Top 10 Tips For A Healthier Burger
Generally, burger buns are given a liberal slathering of butter before being toasted or tossed on the grill. By simply skipping the butter it is easy to save 100 calories in every burger, and best of all, you won’t even notice the difference.
Watch Your Portion Size
In developed countries, portion sizes have steadily increased while physical activity has dwindled. The result? A population rapidly increasing in girth.
Thanks to the arms race most burger joints are engaged in, the average burger is considerably larger than it was 10 years ago. Health experts recommend consuming no more than 85 to 100 grams of meat in any given meal, but many burgers weigh three times that much. The solution? Avoid loading up on extra patties, and don’t order biggest burger on the menu. Your waistline will thank you for it..
Go Naked — Consider a Paleo Burger
The Paleo diet, also popularly referred to as the caveman diet, is a nutritional plan that draws its core principles from our hunter/gatherer ancestral lifestyle. The Paleo diet encourages followers to consume anything that can be hunted or found (including meats, fish, vegetables and seeds), whilst pastas, cereals, refined sugars and processed foods are off the menu.
Because Paleo dieters are not allowed to eat grain, the Paleo burger is conspicuously missing one of a traditional burger’s most defining characteristics — the bread. This is great encouragement to think outside the bun: you can use two large portobello mushroom caps to create a healthy and satisfying, if messy burger. For a great recipe on an easy to make Paleo burger, click this link.
Cut Down on the Fat
The ground beef used in most burgers averages a fat ratio of 30 percent, meaning that the average hamburger containers as much as 34 grams of fat — more than half of the daily recommended fat intake, and around two-thirds of the recommended saturated fat intake. Using lean or extra-lean ground beef can reduce that fat content to 10 or even 5 percent.
Burger purists maintain that the 30 percent fat ratio is required to maintain the signature juiciness of a burger, but there are a few steps you can take to prevent your burger ending up as dry as a piece of fiberboard. Try adding moistening ingredients like tomato sauce, mushrooms, onions, zucchini or shredded carrot, as well as a tablespoon of olive oil to hold the patties together when cooking. To keep homemade burgers juicy during cooking, chill patties for 30 minutes before hearing, and resist the urge to press down on patties once they’ve hit the pan — that way, the moisture stays inside the burger.
Keep It Simple
A greasy slab of meat is the hamburger’s number one caloric culprit, but high fat additions don’t help. Cheese, egg and bacon can add a truckload of extra calories and cholesterol to your burger, and even those seemingly innocuous mushrooms are often cooked in butter. Consider letting the beef do the work and stick with classic fillings like lettuce, onion and tomato for a healthier burger.
Where’s the Beef?
Whilst beef is loaded with iron, protein, zinc and vitamin B-12, it is also high in saturated fat and cholesterol. By simply switching your meat from beef to another protein like fish, chicken or lean turkey, you can shave off calories and tuck into a much more nutritious burger. Add herbs and colourful spices like cilantro, paprika and parsley to increase visual appeal and add flavour.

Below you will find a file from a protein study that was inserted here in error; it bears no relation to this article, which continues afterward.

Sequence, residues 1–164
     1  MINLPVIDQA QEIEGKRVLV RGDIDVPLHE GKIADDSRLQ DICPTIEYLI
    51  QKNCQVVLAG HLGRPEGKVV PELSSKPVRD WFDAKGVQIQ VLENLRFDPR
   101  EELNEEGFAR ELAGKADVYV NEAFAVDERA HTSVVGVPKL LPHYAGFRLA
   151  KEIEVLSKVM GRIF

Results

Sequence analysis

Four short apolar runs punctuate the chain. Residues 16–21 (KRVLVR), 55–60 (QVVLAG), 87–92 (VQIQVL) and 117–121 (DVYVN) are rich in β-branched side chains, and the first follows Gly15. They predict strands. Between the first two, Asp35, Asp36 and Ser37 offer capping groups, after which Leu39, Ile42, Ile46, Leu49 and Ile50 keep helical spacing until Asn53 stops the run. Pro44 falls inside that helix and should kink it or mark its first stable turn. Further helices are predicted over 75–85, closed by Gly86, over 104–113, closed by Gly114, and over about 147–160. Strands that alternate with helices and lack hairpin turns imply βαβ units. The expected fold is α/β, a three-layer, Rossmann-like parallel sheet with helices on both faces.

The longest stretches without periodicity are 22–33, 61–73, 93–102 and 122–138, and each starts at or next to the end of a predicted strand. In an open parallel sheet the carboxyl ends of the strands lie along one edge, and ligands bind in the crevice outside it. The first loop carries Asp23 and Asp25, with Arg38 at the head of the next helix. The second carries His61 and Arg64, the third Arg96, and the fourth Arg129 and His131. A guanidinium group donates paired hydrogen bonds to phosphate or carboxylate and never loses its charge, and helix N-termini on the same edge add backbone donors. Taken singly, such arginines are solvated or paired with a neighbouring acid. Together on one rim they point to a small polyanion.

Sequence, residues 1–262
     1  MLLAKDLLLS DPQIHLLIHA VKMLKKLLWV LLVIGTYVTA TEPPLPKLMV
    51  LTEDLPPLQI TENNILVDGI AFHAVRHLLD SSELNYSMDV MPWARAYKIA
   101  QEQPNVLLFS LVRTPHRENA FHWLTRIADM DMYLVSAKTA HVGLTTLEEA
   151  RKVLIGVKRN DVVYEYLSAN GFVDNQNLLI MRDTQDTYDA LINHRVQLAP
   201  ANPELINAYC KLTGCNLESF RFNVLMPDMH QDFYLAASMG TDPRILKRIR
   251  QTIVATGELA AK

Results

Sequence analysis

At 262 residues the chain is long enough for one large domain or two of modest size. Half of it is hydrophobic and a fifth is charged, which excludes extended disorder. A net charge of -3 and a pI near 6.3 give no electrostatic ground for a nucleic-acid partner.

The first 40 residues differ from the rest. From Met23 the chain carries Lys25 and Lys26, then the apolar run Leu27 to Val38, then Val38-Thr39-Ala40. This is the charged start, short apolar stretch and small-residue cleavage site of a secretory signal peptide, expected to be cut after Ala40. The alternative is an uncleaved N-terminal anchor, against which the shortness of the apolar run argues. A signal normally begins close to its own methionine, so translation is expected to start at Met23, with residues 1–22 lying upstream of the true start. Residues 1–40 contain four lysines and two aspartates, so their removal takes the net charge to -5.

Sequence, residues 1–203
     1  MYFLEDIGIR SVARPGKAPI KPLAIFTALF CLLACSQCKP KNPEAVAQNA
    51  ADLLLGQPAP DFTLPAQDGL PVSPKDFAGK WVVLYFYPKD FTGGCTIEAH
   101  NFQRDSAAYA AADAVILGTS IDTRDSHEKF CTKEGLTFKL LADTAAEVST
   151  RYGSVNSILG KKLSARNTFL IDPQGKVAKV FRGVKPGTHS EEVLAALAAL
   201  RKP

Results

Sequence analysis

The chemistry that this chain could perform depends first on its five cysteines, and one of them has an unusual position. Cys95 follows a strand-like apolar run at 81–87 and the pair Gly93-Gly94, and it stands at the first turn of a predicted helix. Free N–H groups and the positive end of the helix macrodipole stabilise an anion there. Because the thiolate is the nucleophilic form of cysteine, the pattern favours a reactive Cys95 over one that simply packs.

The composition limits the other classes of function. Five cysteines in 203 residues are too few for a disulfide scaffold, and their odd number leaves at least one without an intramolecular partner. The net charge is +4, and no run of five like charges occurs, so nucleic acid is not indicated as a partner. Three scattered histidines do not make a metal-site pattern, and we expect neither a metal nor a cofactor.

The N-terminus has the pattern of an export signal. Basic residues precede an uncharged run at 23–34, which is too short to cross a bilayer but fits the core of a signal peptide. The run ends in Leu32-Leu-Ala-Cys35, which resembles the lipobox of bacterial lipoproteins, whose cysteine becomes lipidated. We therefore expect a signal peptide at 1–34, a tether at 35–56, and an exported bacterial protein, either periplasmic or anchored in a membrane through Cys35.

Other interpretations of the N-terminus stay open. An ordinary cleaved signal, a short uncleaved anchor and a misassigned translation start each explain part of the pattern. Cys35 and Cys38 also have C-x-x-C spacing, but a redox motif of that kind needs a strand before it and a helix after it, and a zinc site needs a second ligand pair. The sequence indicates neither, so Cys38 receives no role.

Skip the Sides
A juicy, delectable burger paired with a side of golden fries: it’s the culinary equivalent of Batman and Robin. They just belong together. A burger and fries is indeed an enduring partnership, but the trouble is that French fries are tremendously unhealthy. Wherever possible, avoid tucking into fat-laden fries or other high-fat side dishes and desserts. For a nutritious complement to your healthy burger, try adding a green salad, fresh fruit, beans or roast vegetables. If you really can’t resist the temptation of some fries, it’s far more healthy to oven-cook your own than to tuck into a batch of greasy, heavily salted, deep-fried potatoes.
Of equal importance is watching what you drink when you have your meal. Soft drinks and shakes are loaded with refined sugars and have been shown to increase blood pressure, destroy your teeth and lead to type 2 diabetes. So, skip the sodas and wash down your burger with a big healthy glass of water.
There was once a time where veggie burgers were exclusively the bastion of vegetarians or those on a weight loss plan, but these days the humble vegetable burger is a popular option for anyone who wants to make healthier choices in their diet. Whether you’re a committed carnivore or not, veggie burgers are a fantastic alternative to traditional beef burgers for a variety of reasons. They’re low calorie and low fat, they are rich in fibre, and are a great way to incorporate extra serves of vegetables into your diet.
Rather than using generic frozen patties from the supermarket, which can be filled with additional preservatives, consider making your own with some of these delicious recipes.
Watch Your Condiments
A healthy burger can easily be sabotaged by a high fat, high calorie condiment, so it’s important to pay attention not just to what’s in the bun, but what’s on the bun too. Ketchup and BBQ sauces are loaded with high fructose corn syrup, a tablespoon of mayonnaise has around 100 calories, and ranch dressing is full of fat. But don’t despair — there are a great range of healthy alternatives that are packed full of flavour. Opt for pesto, plain mustard, salsa, guacamole or homemade hummus for a delicious and guilt-free addition to your burger.